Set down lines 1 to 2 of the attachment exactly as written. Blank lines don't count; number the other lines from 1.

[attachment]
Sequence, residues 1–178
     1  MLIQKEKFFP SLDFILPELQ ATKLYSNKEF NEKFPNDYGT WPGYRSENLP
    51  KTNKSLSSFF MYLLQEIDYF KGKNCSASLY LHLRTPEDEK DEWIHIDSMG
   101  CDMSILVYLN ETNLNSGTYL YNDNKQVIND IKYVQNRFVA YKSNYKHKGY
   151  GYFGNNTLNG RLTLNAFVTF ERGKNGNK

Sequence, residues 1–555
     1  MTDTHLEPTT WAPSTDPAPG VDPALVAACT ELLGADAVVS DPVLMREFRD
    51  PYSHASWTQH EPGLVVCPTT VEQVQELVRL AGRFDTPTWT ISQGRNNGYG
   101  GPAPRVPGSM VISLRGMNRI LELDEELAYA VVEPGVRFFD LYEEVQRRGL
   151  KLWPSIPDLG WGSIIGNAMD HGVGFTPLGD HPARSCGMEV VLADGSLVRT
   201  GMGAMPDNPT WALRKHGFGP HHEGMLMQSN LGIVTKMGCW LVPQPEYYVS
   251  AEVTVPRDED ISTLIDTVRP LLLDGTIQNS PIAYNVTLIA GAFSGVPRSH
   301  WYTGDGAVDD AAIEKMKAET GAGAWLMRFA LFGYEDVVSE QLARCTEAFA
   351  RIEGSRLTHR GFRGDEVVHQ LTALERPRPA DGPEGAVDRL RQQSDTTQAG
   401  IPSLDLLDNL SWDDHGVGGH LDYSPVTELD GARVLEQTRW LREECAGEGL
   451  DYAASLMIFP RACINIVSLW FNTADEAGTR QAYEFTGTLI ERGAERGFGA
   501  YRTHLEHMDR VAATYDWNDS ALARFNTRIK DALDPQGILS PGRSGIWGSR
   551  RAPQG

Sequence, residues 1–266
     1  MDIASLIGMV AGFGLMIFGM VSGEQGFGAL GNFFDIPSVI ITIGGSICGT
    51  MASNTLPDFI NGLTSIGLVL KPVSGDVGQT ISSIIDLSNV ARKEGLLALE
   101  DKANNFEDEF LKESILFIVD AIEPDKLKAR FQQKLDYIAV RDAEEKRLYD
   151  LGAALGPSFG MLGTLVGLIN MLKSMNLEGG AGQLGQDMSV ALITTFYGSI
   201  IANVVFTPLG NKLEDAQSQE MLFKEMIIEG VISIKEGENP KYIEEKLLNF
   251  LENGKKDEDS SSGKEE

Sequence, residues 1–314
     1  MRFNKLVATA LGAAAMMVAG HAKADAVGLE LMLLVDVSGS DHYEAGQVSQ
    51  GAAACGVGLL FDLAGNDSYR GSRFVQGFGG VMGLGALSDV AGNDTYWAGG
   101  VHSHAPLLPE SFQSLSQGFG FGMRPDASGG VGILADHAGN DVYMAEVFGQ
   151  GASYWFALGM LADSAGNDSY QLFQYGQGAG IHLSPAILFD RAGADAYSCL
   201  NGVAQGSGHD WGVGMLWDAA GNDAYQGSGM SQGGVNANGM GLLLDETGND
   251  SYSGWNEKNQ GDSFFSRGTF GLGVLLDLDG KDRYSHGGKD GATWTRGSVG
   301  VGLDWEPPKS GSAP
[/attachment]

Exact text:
Sequence, residues 1–178
     1  MLIQKEKFFP SLDFILPELQ ATKLYSNKEF NEKFPNDYGT WPGYRSENLP